Mr. Benson has reprocessed many of the images to give them colors truer to physical reality. For example, in the NASA version of the Hubble’s “Pillars of Creation,” showing fingers of gas and dust in the Eagle Nebula boiling away to reveal new stars, the “pillars” are brown and the radiation burning them away is green; Mr. Benson has turned it into a composition in shades of red, including burgundy, the actual color of the ionized hydrogen that makes the nebula.

You can sit and look through this book for hours and never be bored by the shapes, colors and textures into which cosmic creation can arrange itself, or you can actually read the accompanying learned essays. Mr. Benson’s prose is up to its visual surroundings, no mean feat.

“The enlarging mirrors of our telescopes,” he writes, “comprise material forged at the centers of the same generation of stars they now record.”

One set of essays relates what was going on in the sky to what was going on back on Earth. The Witch Head, for example, is about 700 light-years from here, which means its soft smoky light has been traveling to us since the early part of the 14th century. It is a milestone for, among other things, the bubonic plague, the first stirrings of the Renaissance in Italy and the foundation of the Ming dynasty in China.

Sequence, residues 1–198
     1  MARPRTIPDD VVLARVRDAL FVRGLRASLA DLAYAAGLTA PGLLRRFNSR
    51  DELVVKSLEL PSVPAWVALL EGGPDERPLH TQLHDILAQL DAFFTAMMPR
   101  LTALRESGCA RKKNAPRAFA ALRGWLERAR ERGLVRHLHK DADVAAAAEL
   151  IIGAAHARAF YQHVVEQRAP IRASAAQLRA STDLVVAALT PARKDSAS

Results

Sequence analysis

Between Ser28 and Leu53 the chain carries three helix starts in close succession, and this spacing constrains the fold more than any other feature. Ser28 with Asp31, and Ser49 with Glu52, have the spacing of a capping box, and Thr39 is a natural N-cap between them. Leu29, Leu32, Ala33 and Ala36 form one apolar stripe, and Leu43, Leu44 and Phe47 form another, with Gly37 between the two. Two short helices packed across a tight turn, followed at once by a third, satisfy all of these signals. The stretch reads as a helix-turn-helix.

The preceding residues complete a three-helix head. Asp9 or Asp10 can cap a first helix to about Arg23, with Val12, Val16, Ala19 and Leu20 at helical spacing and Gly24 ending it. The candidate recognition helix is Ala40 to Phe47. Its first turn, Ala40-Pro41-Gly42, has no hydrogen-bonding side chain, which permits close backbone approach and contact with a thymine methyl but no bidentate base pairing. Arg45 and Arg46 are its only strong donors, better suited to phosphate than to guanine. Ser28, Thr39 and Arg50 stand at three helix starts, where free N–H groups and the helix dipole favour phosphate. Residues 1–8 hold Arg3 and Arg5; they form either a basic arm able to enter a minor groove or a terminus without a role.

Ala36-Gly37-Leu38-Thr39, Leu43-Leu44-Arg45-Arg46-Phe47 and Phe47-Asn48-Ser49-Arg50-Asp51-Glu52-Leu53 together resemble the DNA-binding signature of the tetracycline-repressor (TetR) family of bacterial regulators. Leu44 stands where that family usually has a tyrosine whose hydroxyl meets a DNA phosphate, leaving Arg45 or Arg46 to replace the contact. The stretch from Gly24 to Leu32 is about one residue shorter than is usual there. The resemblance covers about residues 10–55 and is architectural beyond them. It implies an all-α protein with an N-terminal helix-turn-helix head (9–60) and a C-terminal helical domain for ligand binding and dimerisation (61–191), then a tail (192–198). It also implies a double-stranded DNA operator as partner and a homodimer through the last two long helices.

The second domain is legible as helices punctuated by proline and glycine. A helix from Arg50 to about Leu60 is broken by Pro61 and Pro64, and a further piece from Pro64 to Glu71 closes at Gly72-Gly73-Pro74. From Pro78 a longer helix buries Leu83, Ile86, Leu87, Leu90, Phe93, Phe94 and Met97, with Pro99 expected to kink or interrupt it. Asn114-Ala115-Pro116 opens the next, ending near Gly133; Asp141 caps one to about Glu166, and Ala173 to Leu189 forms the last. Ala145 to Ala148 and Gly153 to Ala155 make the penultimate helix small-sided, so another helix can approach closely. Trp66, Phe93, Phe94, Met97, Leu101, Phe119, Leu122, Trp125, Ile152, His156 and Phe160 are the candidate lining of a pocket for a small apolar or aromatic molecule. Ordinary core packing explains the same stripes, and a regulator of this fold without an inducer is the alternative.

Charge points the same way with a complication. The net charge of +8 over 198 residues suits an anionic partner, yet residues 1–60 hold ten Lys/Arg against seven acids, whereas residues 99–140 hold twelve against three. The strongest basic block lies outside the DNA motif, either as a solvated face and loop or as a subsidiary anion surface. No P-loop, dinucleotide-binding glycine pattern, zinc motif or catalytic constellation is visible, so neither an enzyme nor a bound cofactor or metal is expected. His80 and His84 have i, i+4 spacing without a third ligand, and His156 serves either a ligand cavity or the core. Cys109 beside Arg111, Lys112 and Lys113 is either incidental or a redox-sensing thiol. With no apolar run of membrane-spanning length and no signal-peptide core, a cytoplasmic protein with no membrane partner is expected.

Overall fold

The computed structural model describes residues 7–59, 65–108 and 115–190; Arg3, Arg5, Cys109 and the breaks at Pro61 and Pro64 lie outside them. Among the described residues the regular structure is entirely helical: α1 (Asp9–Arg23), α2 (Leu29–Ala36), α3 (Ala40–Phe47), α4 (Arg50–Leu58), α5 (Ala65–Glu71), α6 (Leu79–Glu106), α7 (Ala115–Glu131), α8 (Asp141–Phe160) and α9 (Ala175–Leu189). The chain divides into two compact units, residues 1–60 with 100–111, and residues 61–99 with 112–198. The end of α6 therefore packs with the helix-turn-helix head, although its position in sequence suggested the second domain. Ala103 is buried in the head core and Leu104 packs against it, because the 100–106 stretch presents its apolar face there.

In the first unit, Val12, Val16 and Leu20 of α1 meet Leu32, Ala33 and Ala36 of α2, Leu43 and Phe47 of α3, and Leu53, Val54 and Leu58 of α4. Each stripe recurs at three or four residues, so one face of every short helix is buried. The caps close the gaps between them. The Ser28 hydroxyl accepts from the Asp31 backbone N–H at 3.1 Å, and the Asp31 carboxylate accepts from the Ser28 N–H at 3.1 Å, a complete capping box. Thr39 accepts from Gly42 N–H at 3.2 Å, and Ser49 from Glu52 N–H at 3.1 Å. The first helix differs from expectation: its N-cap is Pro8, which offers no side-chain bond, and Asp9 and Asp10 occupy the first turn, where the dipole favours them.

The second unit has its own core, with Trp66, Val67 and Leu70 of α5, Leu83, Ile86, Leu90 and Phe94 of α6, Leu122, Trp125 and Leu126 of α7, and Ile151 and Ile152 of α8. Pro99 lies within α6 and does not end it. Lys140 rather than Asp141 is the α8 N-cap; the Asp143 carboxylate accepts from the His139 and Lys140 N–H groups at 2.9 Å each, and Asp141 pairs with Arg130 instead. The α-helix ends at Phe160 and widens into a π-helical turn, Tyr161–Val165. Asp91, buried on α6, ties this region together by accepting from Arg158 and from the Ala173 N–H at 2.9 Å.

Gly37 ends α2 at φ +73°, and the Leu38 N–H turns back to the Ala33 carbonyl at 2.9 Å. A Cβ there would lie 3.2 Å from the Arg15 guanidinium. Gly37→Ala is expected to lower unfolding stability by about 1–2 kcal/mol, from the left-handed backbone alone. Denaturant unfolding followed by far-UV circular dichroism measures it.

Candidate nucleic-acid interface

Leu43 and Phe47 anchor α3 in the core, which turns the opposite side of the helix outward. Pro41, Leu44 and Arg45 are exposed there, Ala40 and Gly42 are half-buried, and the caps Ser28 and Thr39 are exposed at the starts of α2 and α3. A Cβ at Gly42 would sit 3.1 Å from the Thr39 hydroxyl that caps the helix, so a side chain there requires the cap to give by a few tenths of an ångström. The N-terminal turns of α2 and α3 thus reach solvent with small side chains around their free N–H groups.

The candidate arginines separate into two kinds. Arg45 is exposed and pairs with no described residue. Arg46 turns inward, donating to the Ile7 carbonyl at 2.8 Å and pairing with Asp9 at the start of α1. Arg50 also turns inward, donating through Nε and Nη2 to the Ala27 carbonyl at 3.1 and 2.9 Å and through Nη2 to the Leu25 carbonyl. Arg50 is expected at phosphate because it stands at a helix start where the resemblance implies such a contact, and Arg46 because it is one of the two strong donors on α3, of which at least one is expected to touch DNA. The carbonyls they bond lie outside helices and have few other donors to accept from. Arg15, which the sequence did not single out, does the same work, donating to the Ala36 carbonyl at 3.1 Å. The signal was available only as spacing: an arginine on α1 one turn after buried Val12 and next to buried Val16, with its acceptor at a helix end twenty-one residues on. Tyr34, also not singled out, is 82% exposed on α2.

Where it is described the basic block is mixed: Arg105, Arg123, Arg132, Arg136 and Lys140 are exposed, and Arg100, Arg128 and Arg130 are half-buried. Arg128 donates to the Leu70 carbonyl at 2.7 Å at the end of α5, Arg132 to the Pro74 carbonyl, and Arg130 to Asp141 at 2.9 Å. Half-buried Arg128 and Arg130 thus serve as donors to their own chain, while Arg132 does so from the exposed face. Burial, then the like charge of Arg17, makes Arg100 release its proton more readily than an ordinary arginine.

The Heart Nebula, another new acquaintance, in Cassiopeia right next to the Soul Nebula, is 7,500 light-years away. Its image dates to the time of the first proto-writing in China and the first wine, in Persia, and when the Mediterranean burst its banks in biblical fashion and flooded the Black Sea.

The journey outward ends in those distant blurry galaxies on the doorstep of the Big Bang. Or is it the beginning?

“Eternity,” Mr. Benson quotes William Blake as saying in an epigraph, “is in love with the productions of time.” Well, aren’t we all?